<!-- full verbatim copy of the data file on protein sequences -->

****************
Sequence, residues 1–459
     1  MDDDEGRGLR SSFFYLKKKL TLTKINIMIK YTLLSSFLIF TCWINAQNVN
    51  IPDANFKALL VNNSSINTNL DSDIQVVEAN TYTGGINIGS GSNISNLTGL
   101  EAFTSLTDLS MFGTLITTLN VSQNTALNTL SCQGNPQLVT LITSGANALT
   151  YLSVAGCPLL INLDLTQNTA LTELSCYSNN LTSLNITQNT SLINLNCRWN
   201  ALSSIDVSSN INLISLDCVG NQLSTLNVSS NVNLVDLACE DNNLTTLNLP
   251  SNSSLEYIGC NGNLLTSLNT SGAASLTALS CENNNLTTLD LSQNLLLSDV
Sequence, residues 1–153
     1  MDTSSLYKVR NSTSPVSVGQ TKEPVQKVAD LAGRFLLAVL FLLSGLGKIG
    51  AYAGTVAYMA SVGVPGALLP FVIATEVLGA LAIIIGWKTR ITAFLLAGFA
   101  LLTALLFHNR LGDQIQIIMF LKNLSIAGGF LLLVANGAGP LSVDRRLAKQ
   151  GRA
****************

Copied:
Sequence, residues 1–459
     1  MDDDEGRGLR SSFFYLKKKL TLTKINIMIK YTLLSSFLIF TCWINAQNVN
    51  IPDANFKALL VNNSSINTNL DSDIQVVEAN TYTGGINIGS GSNISNLTGL
   101  EAFTSLTDLS MFGTLITTLN VSQNTALNTL SCQGNPQLVT LITSGANALT
   151  YLSVAGCPLL INLDLTQNTA LTELSCYSNN LTSLNITQNT SLINLNCRWN
   201  ALSSIDVSSN INLISLDCVG NQLSTLNVSS NVNLVDLACE DNNLTTLNLP
   251  SNSSLEYIGC NGNLLTSLNT SGAASLTALS CENNNLTTLD LSQNLLLSDV
Sequence, residues 1–153
     1  MDTSSLYKVR NSTSPVSVGQ TKEPVQKVAD LAGRFLLAVL FLLSGLGKIG
    51  AYAGTVAYMA SVGVPGALLP FVIATEVLGA LAIIIGWKTR ITAFLLAGFA
   101  LLTALLFHNR LGDQIQIIMF LKNLSIAGGF LLLVANGAGP LSVDRRLAKQ
   151  GRA